By Ed Roskowinski, CR
When the word “trend” comes to mind people first think of hairstyles and fashion, few think of design trends for how they use their home’s outdoor spaces. Like fashion, the way we live in our yards and interact with our neighbors has a tendency to follow some distinctive trends.
Remember the 1980’s when everyone was building backyard decks with bulky wood railings? Then we surround our entire back yard with an eight-foot high privacy fence! I like to refer to that time period as the “cocooning days.” People wanted privacy, they wanted to feel safe and secure, and didn’t want the neighbors nosing into their business. The only thing missing was the moat and drawbridge.
In the early 1990’s something changed for many of us, maybe as a result of 9/11, but we suddenly wanted to know our neighbors, we wanted to feel connected to and involved in our community. Down came the privacy fence and up went the picket fence. I remember driving through my own suburban neighborhood and seeing people gathering and grilling in their driveway. How strange this seemed, until I realized that these homes were built without front porches or front gathering spaces of any kind. People were literally coming out of their “cocoons” and abandoning their backyard deck and gathering in their driveway.
Like skinny jeans, the front porch is once again back in style. Have you noticed communities reintroducing boulevard sidewalks? Both of these trends were popular in the 1920’s and 30’s. Nearly all of the homes had front porches and all of the neighborhoods had sidewalks. The front porch, or gathering space, has taken some unique forms as of late. They may be the more traditional porch, or a terrace, patio, or just a small seating area or bench within your landscaping. It’s just a place to have a glass of wine or a beer after work and interact with your neighbors at the same time.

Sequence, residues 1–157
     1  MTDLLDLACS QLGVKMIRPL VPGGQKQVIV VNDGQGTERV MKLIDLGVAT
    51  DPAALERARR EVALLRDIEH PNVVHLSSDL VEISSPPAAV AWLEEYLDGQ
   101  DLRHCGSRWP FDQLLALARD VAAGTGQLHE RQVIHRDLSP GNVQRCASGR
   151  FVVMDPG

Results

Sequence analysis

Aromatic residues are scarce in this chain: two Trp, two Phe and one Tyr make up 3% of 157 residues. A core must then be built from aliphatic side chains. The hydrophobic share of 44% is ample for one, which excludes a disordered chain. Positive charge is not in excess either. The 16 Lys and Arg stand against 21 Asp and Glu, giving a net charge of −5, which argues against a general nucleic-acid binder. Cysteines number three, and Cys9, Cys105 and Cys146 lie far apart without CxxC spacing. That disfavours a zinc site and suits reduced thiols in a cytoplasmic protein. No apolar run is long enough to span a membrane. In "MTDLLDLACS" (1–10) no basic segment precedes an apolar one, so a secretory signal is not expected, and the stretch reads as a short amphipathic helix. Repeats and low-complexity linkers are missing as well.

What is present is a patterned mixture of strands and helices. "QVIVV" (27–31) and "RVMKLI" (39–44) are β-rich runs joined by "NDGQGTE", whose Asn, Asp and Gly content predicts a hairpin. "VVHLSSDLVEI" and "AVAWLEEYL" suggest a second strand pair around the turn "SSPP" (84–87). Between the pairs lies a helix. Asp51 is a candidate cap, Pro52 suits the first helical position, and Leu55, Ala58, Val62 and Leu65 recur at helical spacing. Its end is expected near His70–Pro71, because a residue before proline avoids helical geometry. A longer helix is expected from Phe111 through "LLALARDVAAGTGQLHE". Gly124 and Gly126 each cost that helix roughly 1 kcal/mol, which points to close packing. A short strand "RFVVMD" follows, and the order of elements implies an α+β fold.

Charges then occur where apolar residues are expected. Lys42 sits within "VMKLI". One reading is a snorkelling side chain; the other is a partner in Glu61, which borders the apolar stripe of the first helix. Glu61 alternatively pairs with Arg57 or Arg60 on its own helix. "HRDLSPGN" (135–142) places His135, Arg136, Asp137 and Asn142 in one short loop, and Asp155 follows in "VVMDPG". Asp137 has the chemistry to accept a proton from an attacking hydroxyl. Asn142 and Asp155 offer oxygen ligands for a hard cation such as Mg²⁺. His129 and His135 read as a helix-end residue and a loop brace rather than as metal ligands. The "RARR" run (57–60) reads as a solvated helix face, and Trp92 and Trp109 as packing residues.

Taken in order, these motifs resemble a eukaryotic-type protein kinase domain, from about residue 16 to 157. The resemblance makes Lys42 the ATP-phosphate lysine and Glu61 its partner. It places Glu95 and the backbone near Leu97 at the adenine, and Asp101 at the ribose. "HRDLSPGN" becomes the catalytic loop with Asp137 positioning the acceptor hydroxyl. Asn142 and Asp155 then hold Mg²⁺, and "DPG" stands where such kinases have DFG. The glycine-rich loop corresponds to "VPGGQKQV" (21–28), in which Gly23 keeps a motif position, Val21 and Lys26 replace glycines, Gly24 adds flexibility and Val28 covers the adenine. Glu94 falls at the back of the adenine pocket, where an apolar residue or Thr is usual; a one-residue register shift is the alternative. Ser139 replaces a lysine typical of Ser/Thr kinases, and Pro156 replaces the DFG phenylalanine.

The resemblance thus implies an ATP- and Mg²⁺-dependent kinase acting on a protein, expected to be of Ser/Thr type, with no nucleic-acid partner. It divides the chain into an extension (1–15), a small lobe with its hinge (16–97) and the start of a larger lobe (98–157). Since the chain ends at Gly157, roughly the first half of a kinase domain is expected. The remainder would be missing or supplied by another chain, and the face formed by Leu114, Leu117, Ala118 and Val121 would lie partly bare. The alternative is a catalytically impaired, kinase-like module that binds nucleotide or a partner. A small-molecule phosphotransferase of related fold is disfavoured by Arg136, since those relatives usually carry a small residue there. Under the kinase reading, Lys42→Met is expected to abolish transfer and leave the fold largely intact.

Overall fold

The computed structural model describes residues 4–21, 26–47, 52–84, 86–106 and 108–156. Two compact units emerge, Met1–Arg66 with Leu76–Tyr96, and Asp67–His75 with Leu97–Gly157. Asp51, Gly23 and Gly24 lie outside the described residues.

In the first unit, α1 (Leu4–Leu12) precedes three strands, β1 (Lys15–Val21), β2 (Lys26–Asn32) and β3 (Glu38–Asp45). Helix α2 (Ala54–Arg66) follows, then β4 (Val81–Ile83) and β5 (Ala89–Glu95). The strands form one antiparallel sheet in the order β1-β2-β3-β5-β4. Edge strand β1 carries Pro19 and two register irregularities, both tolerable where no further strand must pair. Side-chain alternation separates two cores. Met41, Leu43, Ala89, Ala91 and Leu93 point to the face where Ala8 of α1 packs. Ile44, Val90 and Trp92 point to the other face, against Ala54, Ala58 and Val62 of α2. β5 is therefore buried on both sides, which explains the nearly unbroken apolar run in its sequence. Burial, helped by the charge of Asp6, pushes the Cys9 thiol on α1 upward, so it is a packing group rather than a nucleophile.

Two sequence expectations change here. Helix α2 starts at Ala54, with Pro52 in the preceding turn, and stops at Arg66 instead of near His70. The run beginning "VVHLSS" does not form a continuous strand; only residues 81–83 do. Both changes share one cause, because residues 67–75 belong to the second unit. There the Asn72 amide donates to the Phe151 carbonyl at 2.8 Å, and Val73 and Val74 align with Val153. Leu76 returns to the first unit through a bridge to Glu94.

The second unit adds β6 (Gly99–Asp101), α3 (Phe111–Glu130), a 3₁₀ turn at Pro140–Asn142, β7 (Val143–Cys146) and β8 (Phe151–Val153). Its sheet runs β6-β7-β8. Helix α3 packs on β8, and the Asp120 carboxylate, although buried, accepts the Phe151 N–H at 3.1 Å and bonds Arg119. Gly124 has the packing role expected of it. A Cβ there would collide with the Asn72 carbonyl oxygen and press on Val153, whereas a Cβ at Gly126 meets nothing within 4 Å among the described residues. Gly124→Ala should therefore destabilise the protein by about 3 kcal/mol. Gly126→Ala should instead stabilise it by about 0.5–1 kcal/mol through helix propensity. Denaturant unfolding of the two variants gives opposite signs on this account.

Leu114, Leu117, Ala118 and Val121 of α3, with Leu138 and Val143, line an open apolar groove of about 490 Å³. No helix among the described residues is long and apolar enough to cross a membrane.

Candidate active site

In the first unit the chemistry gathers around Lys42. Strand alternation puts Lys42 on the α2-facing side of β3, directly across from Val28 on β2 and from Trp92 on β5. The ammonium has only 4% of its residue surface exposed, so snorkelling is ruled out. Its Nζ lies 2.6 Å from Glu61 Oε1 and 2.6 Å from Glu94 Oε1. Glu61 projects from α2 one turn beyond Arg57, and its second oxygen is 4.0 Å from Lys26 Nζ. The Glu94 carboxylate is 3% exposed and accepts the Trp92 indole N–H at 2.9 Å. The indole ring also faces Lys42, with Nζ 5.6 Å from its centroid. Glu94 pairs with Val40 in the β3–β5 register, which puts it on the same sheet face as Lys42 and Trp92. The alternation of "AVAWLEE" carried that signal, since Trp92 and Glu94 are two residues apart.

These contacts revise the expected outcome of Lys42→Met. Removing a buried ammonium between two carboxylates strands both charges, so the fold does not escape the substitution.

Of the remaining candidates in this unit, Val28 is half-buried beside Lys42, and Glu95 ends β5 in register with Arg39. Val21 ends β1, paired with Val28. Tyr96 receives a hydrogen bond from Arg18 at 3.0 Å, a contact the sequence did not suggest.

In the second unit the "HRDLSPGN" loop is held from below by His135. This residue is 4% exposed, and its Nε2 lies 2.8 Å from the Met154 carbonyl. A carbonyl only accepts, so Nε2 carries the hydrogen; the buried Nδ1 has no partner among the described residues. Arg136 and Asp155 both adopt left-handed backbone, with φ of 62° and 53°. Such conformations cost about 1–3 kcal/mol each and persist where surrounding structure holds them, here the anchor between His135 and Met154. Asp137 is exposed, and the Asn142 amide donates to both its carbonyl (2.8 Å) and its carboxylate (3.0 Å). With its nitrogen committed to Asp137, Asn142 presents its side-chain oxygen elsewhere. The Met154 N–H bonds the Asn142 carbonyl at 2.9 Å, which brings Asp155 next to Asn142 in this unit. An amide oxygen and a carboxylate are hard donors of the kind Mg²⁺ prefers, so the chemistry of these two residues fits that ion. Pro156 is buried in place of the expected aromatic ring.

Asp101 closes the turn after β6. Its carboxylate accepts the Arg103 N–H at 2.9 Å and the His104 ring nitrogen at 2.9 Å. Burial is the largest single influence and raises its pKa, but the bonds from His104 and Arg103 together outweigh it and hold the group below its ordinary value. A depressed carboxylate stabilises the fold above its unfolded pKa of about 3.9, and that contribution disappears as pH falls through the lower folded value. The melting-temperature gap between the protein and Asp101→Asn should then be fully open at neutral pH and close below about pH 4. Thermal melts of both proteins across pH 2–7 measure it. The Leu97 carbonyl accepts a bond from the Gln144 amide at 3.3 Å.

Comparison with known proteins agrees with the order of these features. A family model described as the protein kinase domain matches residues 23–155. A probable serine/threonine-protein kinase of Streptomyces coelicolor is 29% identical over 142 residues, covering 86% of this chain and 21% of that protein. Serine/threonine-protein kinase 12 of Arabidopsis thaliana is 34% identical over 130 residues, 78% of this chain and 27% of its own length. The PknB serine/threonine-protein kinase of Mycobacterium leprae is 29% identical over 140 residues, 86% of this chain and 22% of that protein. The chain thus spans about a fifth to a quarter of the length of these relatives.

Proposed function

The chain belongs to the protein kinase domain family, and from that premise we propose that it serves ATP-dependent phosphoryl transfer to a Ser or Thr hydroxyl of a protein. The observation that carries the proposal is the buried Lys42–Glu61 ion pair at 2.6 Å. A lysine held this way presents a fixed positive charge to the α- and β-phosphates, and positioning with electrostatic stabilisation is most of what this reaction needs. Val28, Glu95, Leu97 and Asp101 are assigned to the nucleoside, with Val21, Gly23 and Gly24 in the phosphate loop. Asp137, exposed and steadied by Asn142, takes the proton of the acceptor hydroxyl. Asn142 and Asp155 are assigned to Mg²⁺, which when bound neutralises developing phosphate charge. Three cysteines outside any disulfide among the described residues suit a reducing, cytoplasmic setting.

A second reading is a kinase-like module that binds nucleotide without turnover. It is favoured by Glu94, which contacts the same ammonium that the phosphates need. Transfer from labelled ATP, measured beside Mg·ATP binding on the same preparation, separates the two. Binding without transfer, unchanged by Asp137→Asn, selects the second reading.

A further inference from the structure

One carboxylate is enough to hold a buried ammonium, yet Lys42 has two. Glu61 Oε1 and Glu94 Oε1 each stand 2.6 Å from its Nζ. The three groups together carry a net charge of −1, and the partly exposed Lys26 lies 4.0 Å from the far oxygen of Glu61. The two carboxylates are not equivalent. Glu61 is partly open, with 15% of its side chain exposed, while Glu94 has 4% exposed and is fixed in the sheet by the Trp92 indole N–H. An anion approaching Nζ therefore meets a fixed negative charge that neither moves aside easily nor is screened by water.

Now all this connecting with your community can sure make you hungry, so an outdoor kitchen may be in order. Whether it’s part of your front gathering space or a side or back yard space, an outdoor kitchen can really attract some attention. It all started with your basic grill, but with the increase in grilling as a means to healthier cooking, the basic grill isn’t measuring up. You need storage, varying cooking surfaces, and of course some place to sit down and enjoy that great healthy food.
So, you’re cooking, eating and socializing outdoors on a patio or terrace, the same way you would in your kitchen. But if you stay out past dusk, you’ll be eaten alive. Re-enters the screen porch. Being outside and eating and not having wasps and mosquitoes attack is the ultimate in outdoor living.
Like the mullet, is this new resurgence of the outdoor living lifestyle only a fleeting trend, or is it a way of life that is here to stay. I know as I get older, connections with friends, neighbors and community become increasingly more important, and rewarding. So my vote is that this trend stays a while.
Ed Roskowinski is General Manger and VP of Vujovich Design Build, Inc., a 35-year design build firm specializing in building and remodeling unique Twin Cities homes for unique homeowners.